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MBNA Turns up the Heat

Credit Card Giant Raises Rates, Plays Hardball with Clients
By Martin H. Bosworth
April 26, 2005 MBNA’s

Surging profits may make it popular with investors but its propensity for self-surging interest rates isn’t going over so well with its cardholders.
Consumers writing to ConsumerAffairs.Com complain that their MBNA interest rates
(htttp://www.consumeraffairs.com/../../credit_cards/mbna_rate_hikes.html) have jumped from a reasonable 5.99% fixed rate to a 15.99% variable rate, from 18.99% to 26.99% and even from 7.99% to 26.99%. That unlucky customer, Kevin M. from Hamden, CT, was outraged.
“Its just plain robbery. I went from being able to comfortably pay my bills to an overnight crisis situation,’ he said.

MBNA claims to offer written advance notice any time an interest rate changes for any reason, yet consumers repeatedly claim they received no notice about their rate changes. It’s only upon opening their monthly statement that they learn of the increase.

In July 2004, Jason M. of Ridgecrest California opened his MBNA bill to find his rate had increased from 7.9% to 17.98%, ‘claiming that the increase was the result of information gained from my credit report and was unrelated to my payment history with their company.’
When Jason contacted MBNA’s customer service department, he was told that written notification had been sent out to consumers, advising them of the potential rate increase.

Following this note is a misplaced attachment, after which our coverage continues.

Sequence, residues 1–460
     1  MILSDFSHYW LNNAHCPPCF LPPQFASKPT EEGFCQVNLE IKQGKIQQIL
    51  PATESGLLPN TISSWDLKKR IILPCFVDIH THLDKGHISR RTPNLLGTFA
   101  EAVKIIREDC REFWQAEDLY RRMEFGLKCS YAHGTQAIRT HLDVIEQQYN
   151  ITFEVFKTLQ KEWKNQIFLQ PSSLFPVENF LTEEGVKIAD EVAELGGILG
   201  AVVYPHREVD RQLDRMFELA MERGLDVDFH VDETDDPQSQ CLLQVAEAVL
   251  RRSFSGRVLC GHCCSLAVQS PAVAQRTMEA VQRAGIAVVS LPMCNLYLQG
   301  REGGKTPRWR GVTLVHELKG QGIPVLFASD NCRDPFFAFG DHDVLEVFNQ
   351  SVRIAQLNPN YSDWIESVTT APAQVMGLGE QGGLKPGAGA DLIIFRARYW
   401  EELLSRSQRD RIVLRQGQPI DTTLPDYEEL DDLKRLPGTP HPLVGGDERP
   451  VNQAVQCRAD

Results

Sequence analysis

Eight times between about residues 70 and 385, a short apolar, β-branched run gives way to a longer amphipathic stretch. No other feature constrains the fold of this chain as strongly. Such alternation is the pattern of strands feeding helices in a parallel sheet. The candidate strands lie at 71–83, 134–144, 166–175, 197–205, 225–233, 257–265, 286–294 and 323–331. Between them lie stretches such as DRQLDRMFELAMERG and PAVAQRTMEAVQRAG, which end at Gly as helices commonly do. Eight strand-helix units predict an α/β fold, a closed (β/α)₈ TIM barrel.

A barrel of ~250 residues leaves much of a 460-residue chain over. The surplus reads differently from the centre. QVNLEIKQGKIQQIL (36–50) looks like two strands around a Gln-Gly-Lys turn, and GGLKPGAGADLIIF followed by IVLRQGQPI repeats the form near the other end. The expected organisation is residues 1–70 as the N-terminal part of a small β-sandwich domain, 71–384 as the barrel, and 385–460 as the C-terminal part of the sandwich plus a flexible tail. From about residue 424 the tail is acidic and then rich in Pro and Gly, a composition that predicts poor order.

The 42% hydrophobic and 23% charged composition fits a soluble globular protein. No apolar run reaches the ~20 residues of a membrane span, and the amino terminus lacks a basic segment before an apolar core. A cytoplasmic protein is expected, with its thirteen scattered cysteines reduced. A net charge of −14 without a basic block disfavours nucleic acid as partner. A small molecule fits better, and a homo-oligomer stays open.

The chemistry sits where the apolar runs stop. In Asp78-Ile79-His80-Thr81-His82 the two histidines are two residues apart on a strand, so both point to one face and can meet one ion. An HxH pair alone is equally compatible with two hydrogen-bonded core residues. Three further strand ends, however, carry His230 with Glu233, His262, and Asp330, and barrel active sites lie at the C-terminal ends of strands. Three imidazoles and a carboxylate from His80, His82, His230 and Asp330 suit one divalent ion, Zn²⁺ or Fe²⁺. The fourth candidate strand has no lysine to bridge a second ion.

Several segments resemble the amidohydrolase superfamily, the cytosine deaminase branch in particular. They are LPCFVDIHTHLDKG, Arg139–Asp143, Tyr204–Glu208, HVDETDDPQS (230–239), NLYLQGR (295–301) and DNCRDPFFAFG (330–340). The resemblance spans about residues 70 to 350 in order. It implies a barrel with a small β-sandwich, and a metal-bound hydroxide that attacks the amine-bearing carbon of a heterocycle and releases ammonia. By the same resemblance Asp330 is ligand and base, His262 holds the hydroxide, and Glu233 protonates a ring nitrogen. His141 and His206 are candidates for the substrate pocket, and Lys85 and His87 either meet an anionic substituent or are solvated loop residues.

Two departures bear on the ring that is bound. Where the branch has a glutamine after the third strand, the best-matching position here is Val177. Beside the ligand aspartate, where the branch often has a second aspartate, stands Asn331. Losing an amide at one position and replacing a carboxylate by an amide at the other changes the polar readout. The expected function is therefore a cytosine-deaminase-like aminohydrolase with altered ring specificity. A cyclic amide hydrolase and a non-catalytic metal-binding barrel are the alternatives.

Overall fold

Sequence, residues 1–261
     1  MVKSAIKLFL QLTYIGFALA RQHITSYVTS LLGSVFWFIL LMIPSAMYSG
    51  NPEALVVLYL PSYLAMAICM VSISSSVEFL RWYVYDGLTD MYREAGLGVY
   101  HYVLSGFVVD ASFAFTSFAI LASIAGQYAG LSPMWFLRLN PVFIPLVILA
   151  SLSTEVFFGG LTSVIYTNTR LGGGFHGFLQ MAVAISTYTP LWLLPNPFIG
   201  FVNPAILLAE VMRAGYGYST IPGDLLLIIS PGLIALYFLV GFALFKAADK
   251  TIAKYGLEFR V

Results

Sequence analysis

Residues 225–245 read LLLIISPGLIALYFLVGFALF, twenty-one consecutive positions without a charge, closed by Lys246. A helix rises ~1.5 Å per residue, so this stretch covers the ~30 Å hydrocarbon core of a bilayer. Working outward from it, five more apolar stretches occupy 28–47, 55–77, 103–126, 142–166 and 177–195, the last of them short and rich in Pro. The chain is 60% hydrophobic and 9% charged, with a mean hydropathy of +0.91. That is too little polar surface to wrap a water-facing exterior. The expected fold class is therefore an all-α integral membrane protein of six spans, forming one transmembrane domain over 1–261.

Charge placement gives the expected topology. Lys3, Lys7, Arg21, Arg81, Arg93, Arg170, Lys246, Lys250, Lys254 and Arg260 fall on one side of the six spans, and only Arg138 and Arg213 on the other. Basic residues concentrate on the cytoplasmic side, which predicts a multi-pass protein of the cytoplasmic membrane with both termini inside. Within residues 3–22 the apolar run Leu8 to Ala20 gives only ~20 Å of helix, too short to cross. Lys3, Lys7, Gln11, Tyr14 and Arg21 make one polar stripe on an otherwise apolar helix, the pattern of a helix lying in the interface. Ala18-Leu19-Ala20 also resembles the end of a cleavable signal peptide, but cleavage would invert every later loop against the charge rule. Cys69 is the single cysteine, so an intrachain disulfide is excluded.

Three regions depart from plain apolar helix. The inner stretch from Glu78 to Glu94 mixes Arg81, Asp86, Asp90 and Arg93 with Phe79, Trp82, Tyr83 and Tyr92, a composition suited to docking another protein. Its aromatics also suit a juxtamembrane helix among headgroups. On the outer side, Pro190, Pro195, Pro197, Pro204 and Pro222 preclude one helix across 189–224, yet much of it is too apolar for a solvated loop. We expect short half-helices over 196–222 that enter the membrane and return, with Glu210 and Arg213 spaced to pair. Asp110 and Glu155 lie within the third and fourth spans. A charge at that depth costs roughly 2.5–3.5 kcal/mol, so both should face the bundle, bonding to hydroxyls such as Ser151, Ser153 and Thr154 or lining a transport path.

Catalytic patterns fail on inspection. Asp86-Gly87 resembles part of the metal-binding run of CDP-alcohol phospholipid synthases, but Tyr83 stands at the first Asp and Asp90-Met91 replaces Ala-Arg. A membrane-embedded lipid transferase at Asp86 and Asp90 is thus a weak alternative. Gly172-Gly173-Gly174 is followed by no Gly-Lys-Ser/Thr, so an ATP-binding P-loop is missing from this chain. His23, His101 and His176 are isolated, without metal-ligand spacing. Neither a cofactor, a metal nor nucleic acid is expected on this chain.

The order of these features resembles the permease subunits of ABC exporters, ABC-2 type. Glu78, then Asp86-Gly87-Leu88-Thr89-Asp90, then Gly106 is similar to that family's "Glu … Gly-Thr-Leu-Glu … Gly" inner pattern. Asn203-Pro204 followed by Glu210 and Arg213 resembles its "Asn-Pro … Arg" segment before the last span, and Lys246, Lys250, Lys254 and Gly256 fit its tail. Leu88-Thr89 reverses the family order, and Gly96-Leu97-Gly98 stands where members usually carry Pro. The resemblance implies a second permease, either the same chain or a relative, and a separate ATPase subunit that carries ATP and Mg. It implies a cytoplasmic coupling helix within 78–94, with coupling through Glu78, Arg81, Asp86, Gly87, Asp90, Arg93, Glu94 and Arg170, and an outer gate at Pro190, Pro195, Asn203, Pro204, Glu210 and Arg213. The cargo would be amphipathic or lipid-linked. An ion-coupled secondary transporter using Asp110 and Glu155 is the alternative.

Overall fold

‘I was told that the notification was mailed with my July statement. As luck would have it, my July statement was still unopened in the kitchen as I recently moved and paid my bill online. When I opened the statement there was no notification in it,” he said.
Asked to comment, MBNA representatives did not return calls and e-mails.
Dale B. of Minneapolis, Minnesota received MBNA’s Gold Option account, a personal installment loan with a fixed rate of five years, and a fixed payment amount. Although MBNA’s Gold Option website states that ‘Your APR is not guaranteed for any period of time and may be changed by MBNA,” Dale was nonetheless surprised to find his loan rate had jumped from 18.99% to 27.98% after applying for an auto loan.
“MBNA now sees me as a risk and has drastically increased my APR and extended the term of the loan,” he stated. “I have never been late with a payment, and have not defaulted in any way with this or any other credit account that I have … MBNA claims I received a mailing telling me about the rate increase, and that it was due to me taking on additional credit. I do not recall such a mailing”

The MBNA representative offered Dale the chance to pay the loan off in full and close the account, which he was unable to do, leaving him saddled with a 72-month installment loan at a much higher rate.

Customer Service